The Transitional Stabilisation Programme (TSP) which has been turned into the IMF Staff-Monitoring Programme (SMP) is the software steering government thinking. The African Development Bank (AfDB), the World Bank and the Paris Club creditors require that we go through an IMF-sponsored programme to be considered for debt relief and refinancing. Why the SMP proposal was acceptable to the IMF is that it speaks to the neoliberal interests of the multilateral institutions.
This why Mnangagwa over the weekend assured that government would allow market forces to determine prices, ruling out the introduction of price controls to tame run-away prices of basic goods and services. The IMF dislikes quasi-fiscal activities.
Finance Minister Mthuli Ncube knows this. Mnangagwa is awake to the fact that allowing prices to soar without relenting raises political costs. A clever compromise was thus reached — subsidies for urban transport and Mnangagwa’s promised basic food subsidies are to be funded from Ncube’s budget surpluses.
The IMF will not raise objections, as Ncube will argue that the subsidies are not being financed through borrowing. Ncube and Mnangagwa are fully aware that to boost production, an outsized injection of forex is needed. Their quandary is that they know that this injection will not come before Zimbabwe settles its arrears with the multilateral institutions and the Paris Club.
By letting market forces dictate prices, Ncube pushed for the separation of accounts, which caused the battering of the bond note against the United States dollar — all this was to score brownie points with the IMF.
To elicit further applause from the IMF, Ncube made sure he won the battle of removing the 1:1 parity between the bond note and the US dollar, pushing the RTGS$ to float in the interbank forex market. However, this initiative has not succeeded, as Ncube had envisaged, due to low confidence, with the market largely ignoring the interbank market. This has raised the political costs for Mnangagwa — a counter strategy that lowers his political cost, while retaining approbation from the IMF had to be hewed. Enter the local currency.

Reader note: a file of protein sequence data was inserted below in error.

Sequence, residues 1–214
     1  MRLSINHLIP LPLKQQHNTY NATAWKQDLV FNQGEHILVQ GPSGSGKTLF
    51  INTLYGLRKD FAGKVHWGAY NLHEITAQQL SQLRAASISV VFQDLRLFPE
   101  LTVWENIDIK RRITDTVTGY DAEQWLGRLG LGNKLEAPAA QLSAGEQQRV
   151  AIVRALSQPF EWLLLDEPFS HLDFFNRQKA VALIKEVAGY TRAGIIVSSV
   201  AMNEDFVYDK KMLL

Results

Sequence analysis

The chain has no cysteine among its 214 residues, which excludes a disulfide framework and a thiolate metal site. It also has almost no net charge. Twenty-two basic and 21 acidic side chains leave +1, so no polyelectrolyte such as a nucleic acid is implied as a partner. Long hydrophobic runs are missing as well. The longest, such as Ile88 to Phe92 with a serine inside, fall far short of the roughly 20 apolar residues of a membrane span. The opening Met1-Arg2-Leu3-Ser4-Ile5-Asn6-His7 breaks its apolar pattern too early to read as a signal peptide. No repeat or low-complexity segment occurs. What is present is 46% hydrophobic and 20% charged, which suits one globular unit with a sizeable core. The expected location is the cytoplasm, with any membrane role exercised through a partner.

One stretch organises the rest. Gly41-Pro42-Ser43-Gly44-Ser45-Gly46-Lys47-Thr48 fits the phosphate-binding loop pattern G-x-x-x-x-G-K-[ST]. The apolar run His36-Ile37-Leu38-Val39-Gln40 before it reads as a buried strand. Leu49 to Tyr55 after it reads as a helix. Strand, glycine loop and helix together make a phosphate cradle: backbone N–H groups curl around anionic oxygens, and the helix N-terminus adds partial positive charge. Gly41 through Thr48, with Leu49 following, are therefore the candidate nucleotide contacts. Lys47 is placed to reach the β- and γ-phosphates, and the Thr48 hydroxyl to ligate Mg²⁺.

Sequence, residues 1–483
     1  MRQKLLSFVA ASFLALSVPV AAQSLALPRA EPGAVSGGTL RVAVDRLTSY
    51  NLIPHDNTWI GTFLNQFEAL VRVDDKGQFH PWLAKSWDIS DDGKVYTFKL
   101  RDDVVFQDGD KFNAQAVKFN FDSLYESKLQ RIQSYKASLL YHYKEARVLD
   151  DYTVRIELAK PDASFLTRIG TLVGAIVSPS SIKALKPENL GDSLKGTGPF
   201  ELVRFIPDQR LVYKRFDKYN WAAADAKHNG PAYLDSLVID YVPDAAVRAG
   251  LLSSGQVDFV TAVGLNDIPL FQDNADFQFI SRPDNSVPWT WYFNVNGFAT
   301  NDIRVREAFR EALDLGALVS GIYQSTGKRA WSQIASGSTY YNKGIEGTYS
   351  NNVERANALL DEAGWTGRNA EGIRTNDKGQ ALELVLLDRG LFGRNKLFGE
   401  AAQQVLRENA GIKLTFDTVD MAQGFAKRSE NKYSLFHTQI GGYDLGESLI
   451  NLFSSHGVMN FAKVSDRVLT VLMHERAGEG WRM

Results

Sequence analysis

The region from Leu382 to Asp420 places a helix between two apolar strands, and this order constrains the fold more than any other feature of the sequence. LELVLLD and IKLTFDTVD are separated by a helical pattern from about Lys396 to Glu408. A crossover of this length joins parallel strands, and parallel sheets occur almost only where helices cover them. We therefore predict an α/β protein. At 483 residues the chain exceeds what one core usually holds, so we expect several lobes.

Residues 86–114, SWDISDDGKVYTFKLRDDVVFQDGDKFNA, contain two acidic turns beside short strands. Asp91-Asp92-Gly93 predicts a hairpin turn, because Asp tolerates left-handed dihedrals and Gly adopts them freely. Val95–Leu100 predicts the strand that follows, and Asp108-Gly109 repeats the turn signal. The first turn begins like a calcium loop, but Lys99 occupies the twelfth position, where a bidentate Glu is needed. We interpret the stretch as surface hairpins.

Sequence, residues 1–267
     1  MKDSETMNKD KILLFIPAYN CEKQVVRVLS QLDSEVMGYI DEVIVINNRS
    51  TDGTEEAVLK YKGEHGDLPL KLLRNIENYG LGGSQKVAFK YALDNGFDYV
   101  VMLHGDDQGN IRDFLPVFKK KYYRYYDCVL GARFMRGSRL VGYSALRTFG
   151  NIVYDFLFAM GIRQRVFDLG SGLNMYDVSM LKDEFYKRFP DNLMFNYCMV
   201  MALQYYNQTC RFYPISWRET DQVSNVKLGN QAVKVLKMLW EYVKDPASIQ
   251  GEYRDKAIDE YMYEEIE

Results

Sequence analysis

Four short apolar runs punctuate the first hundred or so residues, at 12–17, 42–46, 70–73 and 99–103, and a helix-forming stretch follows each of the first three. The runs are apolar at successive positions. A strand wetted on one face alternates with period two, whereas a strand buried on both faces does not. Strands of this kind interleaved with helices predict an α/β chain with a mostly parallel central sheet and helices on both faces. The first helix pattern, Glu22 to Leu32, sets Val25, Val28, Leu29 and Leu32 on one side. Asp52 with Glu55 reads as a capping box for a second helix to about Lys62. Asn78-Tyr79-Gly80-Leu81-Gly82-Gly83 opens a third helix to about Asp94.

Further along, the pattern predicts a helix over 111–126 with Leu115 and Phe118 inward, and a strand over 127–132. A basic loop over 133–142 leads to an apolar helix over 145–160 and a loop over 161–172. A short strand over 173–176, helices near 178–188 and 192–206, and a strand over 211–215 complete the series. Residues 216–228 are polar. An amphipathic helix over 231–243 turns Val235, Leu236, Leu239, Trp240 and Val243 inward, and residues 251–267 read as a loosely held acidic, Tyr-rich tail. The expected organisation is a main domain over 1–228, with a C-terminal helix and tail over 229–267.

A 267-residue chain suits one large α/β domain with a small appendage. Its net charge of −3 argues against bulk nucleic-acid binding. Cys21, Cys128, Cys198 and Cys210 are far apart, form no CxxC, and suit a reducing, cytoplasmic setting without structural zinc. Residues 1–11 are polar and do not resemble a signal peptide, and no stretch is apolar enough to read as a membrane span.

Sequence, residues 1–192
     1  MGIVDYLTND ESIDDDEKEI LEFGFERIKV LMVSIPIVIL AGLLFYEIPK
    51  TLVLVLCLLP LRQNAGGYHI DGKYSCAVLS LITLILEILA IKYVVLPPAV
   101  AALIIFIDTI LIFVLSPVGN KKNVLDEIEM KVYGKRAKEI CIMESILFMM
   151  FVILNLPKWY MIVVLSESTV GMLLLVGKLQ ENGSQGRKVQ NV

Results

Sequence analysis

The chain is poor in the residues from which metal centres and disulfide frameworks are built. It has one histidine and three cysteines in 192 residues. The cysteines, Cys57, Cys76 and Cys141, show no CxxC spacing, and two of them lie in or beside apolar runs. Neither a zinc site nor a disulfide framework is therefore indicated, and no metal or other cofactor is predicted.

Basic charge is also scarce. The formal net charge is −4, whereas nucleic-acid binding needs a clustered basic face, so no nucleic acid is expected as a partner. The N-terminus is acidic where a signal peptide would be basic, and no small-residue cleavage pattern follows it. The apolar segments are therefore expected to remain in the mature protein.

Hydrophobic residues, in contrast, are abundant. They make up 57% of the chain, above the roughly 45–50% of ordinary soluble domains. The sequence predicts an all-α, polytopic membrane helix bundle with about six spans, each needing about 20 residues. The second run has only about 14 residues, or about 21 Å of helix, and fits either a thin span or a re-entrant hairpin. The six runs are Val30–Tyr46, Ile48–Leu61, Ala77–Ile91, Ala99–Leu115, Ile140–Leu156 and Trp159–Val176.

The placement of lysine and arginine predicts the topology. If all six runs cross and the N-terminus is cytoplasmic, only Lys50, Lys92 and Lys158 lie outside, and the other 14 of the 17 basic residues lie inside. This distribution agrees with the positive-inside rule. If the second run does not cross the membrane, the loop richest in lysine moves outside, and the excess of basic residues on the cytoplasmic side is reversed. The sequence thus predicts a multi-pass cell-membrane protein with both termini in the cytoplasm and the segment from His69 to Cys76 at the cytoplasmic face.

Ncube had not foreseen the strengthening of the black market for forex to the alarming levels obtaining currently — the bid to expedite the re-introduction of a fully-fledged currency is a reactive strategy to try and decimate the forex black market as it is the single largest risk to a successful SMP. In his thinking, Ncube has calculated that if a fully-fledged local currency is introduced before the final test dates for the SMP, government will finally control the forex flowing into the country and with that control, strengthen the interbank forex market, taming inflation.
This, Ncube possibly thinks will guarantee that Zimbabwe passes the IMF SMP litmus test, forcing the AfDB, World Bank and the IMF to provide financial support and offer Zimbabwe debt relief. Ncube possibly wants a weak local currency but not on black market terms so that our GDP in US dollars shrinks to the point where on a per capita basis we are classified as a Highly Indebted Poor Country so that we qualify for at least 90% of our debt written off by the World Bank and the Paris Club.
There is a big crack in Ncube’s apparent strategy; Washington has not hidden its intentions – it has made it clear that it will block the IMF, the World Bank and its affiliates that include the AfDB to offer any assistance until Zimbabwe complies in full with Zidera. The AfDB came out this week saying it will give a loan to Zimbabwe early next year if its SMP performance gets a thumbs-up from the IMF. The AfDB undertaking is a watershed; it will be the first test for how serious Washington’s Zidera threat is. Do Ncube and Mnanagwa have a plan B should Washington successfully block the AfDB, the IMF and the World Bank from giving Zimbabwe financial help? There is a huge possibility that plan A will collapse.
Brett Chulu is a management consultant and a classic grounded theory researcher who has published research in an academic peer-reviewed international journal. —email@example.com.